either case, Vazirani failed to provide evidence of special damages
supporting his claim for trade libel sufficient to avoid summary judgment.
As noted supra, n.9, Vazirani provided evidence as to damages limited to
the loss of the Aviva contract. As we conclude below that Appellants do
not have a colorable tortious interference claim, Vazirani cannot show
damages from the loss of the Aviva contract. Therefore, his trade libel claim

47 Accordingly, we affirm the trial courts decision dismissing

Vaziranis trade libel claim against the Annexus Defendants.

V. The Tortious Interference with Contract and Business Expectancy


48 Appellants tortious interference with contract and business

expectancy claims stem from Avivas termination of Vaziranis contracts.
Appellants alleged that Aviva cancelled Vaziranis contracts as a result of
Appellees tortious interference. Appellants argue that the superior court
erred in granting the Appellees summary judgment on these claims based
on issue preclusion (formerly known as collateral estoppel) after the Tenth
Circuits decision in Heitz.

13 The most analogous claim is for slander of title, which Kansas courts
define as a false and malicious statement, oral or written, made in
disparagement of a person's title to real or personal property, causing him
injury. LaBarge v. City of Concordia, 23 Kan. App. 2d 8, 16 (1996) (citations
omitted). Slander of title is similar to trade libel, except that the
disparagement in the trade libel goes to the quality of property, rather than
title. Gee, 126 Ariz. at 116 (citation omitted).

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49 The superior court did not err in granting summary judgment

to the Appellees on the interference claims because of issue preclusion and
based on the record in this matter.14

50 To establish a prima facie claim for tortious interference with

contract, a plaintiff must show the existence of a valid contractual
relationship or business expectancy; the interferers knowledge of the
relationship or expectancy; intentional interference inducing or causing a
breach or termination of the relationship or expectancy; and resultant
damage to the party whose relationship or expectancy has been
disrupted. Miller v. Hehlen, 209 Ariz. 462, 471, 32 (App. 2005) (quoting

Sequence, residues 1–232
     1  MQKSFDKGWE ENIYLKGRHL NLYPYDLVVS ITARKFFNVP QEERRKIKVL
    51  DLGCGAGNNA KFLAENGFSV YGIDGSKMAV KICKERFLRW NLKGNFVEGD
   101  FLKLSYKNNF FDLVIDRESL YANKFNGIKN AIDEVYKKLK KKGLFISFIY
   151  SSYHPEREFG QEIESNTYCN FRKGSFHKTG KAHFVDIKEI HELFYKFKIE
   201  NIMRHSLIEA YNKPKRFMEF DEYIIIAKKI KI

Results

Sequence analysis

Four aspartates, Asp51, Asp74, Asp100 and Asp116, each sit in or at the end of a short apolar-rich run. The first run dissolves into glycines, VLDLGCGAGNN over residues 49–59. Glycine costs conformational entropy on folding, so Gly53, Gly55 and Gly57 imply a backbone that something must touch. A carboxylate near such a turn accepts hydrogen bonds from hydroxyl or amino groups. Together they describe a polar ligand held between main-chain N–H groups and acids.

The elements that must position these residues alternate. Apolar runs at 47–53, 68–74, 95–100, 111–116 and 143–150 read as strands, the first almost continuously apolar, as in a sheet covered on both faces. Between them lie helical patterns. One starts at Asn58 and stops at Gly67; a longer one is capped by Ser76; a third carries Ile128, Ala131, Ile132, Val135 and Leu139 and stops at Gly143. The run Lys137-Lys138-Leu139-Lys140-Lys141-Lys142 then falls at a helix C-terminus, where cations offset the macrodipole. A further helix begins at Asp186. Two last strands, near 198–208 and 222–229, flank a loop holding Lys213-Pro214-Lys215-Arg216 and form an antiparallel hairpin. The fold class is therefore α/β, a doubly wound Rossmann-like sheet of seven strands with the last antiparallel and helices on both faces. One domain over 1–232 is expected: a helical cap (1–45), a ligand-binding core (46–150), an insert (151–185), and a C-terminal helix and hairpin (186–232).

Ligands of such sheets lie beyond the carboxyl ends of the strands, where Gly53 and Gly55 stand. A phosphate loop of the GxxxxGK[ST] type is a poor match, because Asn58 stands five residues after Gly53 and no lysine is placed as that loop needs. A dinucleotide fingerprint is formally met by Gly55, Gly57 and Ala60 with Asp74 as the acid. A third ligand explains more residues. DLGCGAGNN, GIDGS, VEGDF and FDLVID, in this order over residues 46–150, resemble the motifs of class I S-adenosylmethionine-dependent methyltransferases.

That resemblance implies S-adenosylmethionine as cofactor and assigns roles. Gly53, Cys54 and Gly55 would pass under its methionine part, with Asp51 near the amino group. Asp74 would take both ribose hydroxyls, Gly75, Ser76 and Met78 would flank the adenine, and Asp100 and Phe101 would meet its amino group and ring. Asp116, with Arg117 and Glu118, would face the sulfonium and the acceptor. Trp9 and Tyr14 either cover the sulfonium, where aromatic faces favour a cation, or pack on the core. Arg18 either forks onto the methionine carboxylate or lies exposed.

Wallace v. Casa Grande Union High Sch. Dist. No. 82 Bd. of Governors, 184 Ariz.
419, 427 (App. 1995)).

51 In Marmis v. Solot Co., 117 Ariz. 499, 502 (App. 1977), the court
concluded that:

Before recovery can be had for interference with [business

expectancy] or for preventing a contract, it must appear that

14 To the extent that Appellants contend the trial court erred in

applying Kansas law on these claims, we conclude that such argument is
misplaced. The court only granted the motions for summary judgment on
the tortious interference claims after considering the Appellees argument
based on Heitz in the motion for reconsideration and reviewing the
previously filed motions for summary judgment. The elements for tortious
interference claims in Kansas and Arizona are essentially the same.
Compare Miller v. Hehlen, 209 Ariz. 462, 471, 32 (App. 2005) (establishing
prima facie claim for tortious interference with contract requires showing
of the existence of a valid contractual relationship or business expectancy;
the interferers knowledge of the relationship or expectancy; intentional
interference inducing or causing a breach or termination of the relationship
or expectancy; and resultant damage to the party whose relationship or
expectancy has been disrupted), with Rodriguez v. ECRI Shared Servs., 984
F. Supp. 1363, 1366-67 (D. Kan. 1997) (stating the elements essential to
recovery for tortious interference with contract as: (1) the existence of a
contract between the plaintiff and a third party; (2) the wrongdoers
knowledge thereof; (3) his or her intentional procurement of its breach; (4)
the absence of justification; and (5) resulting damage to the plaintiff).
Accordingly, we will not separately address the issue, as posed by
Appellants, of whether the trial court erred in allegedly applying Kansas
law to the interference claims.

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a relationship or contract would otherwise have been entered

into. It is not necessary that it be absolutely certain that
contracts would have been made were it not for the
interference. [But there must be] [r]easonable assurance thereof
in view of all the circumstances . . . .

Id. (citation and internal quotation marks omitted) (emphasis added).

Similarly, an action for tortious interference with a business relationship
requires a business relationship evidenced by an actual and identifiable
understanding or agreement which in all probability would have been
completed if the defendant had not interfered.15 Dube v. Likins, 216 Ariz.
406, 414, 19 (App. 2007) (quoting Ethan Allen, Inc. v. Georgetown Manor,
Inc., 647 So. 2d 812, 815 (Fla. 1994)) (emphasis added). Thus, for Appellants
to prevail on either tortious interference claim, they have to be able to show
that Appellees conduct caused Aviva to breach the existing contract with
Vazirani. In addition, since the Vazirani contracts were cancellable by
Aviva without cause,16 such contracts were at-will, and thus analogous to
prospective contracts. See Restatement (Second) of Torts 766 cmt. g.
Based upon Appellants statements at oral argument, we understand
Vaziranis prospective business advantage that was allegedly interfered